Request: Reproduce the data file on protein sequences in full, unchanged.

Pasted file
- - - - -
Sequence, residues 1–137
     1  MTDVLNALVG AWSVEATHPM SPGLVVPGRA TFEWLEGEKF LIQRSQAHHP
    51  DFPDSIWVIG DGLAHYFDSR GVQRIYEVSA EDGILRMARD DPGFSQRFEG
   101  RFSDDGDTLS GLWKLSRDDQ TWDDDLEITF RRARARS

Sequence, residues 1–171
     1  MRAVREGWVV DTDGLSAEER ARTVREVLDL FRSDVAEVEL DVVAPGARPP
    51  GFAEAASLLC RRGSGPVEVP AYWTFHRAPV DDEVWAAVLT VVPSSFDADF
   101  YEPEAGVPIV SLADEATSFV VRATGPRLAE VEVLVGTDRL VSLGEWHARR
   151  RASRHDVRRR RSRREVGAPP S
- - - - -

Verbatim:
Sequence, residues 1–137
     1  MTDVLNALVG AWSVEATHPM SPGLVVPGRA TFEWLEGEKF LIQRSQAHHP
    51  DFPDSIWVIG DGLAHYFDSR GVQRIYEVSA EDGILRMARD DPGFSQRFEG
   101  RFSDDGDTLS GLWKLSRDDQ TWDDDLEITF RRARARS

Sequence, residues 1–171
     1  MRAVREGWVV DTDGLSAEER ARTVREVLDL FRSDVAEVEL DVVAPGARPP
    51  GFAEAASLLC RRGSGPVEVP AYWTFHRAPV DDEVWAAVLT VVPSSFDADF
   101  YEPEAGVPIV SLADEATSFV VRATGPRLAE VEVLVGTDRL VSLGEWHARR
   151  RASRHDVRRR RSRREVGAPP S